[su_slider source=”media: 30725,30726,30727,30728,30729,30730,30731,30732″ limit=”40″ link=”image” target=”blank” width=”700″ height=”460″ autoplay=”0″ speed=”500″][su_slider source=”media: 29856,29857″ limit=”30″ link=”image” target=”blank” width=”700″ height=”460″ autoplay=”0″ speed=”500″][su_menu][/su_slider]

[su_box title=”Editor’s note:”]This issue of El Tecolote is dedicated to the nearly 7,000 San Franciscans who are currently living on the street, in shelters, in cars, or anywhere else other than a house. As a participant in the “SF Homeless Project” (a collaborative effort on the part of more than 70 media outlets), we have produced this issue with the intent of putting a face to our homeless neighbors, many of whom have been mistreated by factions of our city government, and by common citizens. Our aim is to humanize those who have been ignored or criminalized for being less fortunate than we. We want to share their stories, and the stories of those who aim to make this city better for the housed, and the un-housed alike. We want to show that though they me be homeless, their lives aren’t worth less than ours.
—Alexis Terrazas
El Tecolote Editor-in-Chief[/su_box]

To the city and people of San Francisco:

Like you, we are frustrated, confused and dismayed by the seemingly intractable problem of homelessness in our city. Like you, we want answers—and change.

We see the misery around us—the 6,600 or more people who live on the streets of San Francisco—and we sense it is worsening. We feel for the people who live in doorways and under freeways, and for the countless others who teeter on the edge of eviction. We empathize with the EMTs, the nurses and doctors, the social workers and the police. They are on the front lines of this ongoing human catastrophe.

Numerous noble, well-intentioned efforts by both public and private entities have surfaced over the decades, yet the problem persists. It is a situation that would disgrace the government of any city. But in the technological and progressive capital of the nation, it is unconscionable.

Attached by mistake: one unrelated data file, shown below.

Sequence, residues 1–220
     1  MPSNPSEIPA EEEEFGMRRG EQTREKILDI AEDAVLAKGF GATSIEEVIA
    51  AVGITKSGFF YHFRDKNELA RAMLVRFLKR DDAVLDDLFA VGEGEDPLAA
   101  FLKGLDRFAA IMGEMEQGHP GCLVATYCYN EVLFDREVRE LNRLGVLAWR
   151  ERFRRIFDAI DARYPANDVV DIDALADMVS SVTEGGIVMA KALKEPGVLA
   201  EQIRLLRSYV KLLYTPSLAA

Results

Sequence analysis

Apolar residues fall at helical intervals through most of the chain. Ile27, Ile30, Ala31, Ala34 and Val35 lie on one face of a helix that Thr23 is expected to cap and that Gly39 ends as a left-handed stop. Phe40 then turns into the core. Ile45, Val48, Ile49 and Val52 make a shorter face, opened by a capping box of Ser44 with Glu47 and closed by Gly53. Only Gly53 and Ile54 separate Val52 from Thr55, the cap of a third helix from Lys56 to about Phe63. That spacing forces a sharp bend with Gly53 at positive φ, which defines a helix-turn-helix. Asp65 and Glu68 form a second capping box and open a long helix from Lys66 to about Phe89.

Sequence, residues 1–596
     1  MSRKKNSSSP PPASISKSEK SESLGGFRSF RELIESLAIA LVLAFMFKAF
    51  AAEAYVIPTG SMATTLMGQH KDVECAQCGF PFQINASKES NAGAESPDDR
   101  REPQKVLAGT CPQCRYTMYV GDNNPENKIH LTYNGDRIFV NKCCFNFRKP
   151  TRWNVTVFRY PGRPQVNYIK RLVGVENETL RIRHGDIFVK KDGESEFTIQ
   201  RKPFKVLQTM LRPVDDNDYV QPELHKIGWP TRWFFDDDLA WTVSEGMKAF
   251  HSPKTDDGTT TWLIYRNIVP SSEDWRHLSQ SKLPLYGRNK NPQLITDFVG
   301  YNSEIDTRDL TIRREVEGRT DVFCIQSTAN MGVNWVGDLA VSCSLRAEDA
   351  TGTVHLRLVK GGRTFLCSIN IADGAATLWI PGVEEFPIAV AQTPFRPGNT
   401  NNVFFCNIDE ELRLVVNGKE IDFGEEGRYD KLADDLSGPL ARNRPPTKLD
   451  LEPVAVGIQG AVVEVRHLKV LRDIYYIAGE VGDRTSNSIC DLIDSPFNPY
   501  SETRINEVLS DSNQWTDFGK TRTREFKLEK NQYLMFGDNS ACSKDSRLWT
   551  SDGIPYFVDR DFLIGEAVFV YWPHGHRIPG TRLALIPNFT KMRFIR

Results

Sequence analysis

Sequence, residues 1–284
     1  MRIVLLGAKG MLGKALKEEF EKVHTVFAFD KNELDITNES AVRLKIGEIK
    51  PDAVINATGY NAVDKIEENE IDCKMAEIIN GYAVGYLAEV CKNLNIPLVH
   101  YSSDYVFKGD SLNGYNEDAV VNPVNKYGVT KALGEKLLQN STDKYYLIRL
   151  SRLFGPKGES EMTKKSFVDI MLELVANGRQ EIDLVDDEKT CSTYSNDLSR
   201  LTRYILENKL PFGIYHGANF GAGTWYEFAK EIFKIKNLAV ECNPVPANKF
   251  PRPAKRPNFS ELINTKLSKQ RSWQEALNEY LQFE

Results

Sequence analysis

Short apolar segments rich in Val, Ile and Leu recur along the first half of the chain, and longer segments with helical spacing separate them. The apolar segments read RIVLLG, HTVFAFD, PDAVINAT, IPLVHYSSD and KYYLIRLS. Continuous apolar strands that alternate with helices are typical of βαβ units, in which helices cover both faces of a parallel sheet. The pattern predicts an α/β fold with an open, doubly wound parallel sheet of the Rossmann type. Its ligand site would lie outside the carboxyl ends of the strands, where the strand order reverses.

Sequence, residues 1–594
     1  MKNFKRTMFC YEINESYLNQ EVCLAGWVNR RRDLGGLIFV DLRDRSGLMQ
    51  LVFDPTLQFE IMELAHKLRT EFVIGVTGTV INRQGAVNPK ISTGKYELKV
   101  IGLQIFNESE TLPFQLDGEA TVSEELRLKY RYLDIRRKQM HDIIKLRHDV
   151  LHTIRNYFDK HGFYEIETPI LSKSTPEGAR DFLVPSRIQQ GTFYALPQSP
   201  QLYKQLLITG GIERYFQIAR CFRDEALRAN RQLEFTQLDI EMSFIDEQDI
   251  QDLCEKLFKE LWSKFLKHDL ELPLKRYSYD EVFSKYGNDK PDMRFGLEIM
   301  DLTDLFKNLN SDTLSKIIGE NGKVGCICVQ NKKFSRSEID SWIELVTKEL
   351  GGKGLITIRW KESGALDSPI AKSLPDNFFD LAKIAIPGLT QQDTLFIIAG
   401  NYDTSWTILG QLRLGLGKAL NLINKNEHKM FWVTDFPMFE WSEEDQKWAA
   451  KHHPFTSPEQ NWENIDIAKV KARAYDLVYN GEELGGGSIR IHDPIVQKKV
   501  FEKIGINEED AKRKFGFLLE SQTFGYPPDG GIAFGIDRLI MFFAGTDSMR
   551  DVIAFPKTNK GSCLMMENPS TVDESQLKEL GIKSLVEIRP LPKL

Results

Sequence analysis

So beginning today, more than 70 media organizations are taking the unprecedented step of working together to focus attention on this crucial issue.

We will pool our resources—reporting, data analysis, photojournalism, video, websites—and starting Wednesday, June 29, will publish, broadcast and share a series of stories across all of our outlets. We intend to explore possible solutions, their costs and viability.

Though this is a united effort, we do not claim to speak with one voice. There are many lenses through which the issue of homelessness can be viewed. However, we do not intend to let a desire for the perfect solution become the enemy of the good. We want to inspire and incite each other as much as we want to prod city and civic leaders.

Fundamentally, we are driven by the desire to stop calling what we see on our streets the new normal. Frustration and resignation are not a healthy psyche for a city.

Our aim is to provide you with the necessary information and potential options to put San Francisco on a better path. Then it will be up to all of us—citizens, activists, public and private agencies, politicians—to work together to get there.


The SF Homeless Project




San Francisco Chronicle
The California Sunday Magazine
Pop-Up Magazine
The Potrero View
San Francisco Examiner
San Francisco Public Press
Renaissance Journalism
San Francisco Business Times
Sing Tao Daily
Marina Times
The Castro Courier
Mid-Market News
Mission Local
Bay Area Reporter
San Francisco magazine
BuzzFeed News
Mother Jones
KKSF Talk 910
World Journal
Central City Extra
Golden Gate Xpress
The Mercury News
East Bay Times
48 Hills
New America Media
El Tecolote
Wear Your Voice
Castro Valley Matters
Youth Radio
Ingleside-Excelsior Light
Commonwealth Club
Laney Tower
Richmond Review
Sunset Beacon
Univision 14 KDTV
West Portal Monthly
Ripple News
Telemundo 48 KSTS
KGO 810
Business Insider
San Francisco Neighborhood Newspaper Association
Google News Lab
Cor Media
Stories Behind the Fog
SF Weekly